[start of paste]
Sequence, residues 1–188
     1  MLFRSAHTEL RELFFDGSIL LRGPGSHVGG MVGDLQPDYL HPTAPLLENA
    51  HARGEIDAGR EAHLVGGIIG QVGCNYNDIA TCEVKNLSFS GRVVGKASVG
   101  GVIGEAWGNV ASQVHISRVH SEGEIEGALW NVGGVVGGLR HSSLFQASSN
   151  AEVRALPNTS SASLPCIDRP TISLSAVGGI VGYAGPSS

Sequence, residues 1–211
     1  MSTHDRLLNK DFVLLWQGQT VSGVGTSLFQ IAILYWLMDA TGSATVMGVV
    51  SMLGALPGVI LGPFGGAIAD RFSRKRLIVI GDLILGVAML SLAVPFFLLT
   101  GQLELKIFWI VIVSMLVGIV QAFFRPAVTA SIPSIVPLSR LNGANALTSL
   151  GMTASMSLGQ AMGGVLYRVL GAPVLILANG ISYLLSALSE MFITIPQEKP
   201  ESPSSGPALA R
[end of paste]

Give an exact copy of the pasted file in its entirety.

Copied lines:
Sequence, residues 1–188
     1  MLFRSAHTEL RELFFDGSIL LRGPGSHVGG MVGDLQPDYL HPTAPLLENA
    51  HARGEIDAGR EAHLVGGIIG QVGCNYNDIA TCEVKNLSFS GRVVGKASVG
   101  GVIGEAWGNV ASQVHISRVH SEGEIEGALW NVGGVVGGLR HSSLFQASSN
   151  AEVRALPNTS SASLPCIDRP TISLSAVGGI VGYAGPSS

Sequence, residues 1–211
     1  MSTHDRLLNK DFVLLWQGQT VSGVGTSLFQ IAILYWLMDA TGSATVMGVV
    51  SMLGALPGVI LGPFGGAIAD RFSRKRLIVI GDLILGVAML SLAVPFFLLT
   101  GQLELKIFWI VIVSMLVGIV QAFFRPAVTA SIPSIVPLSR LNGANALTSL
   151  GMTASMSLGQ AMGGVLYRVL GAPVLILANG ISYLLSALSE MFITIPQEKP
   201  ESPSSGPALA R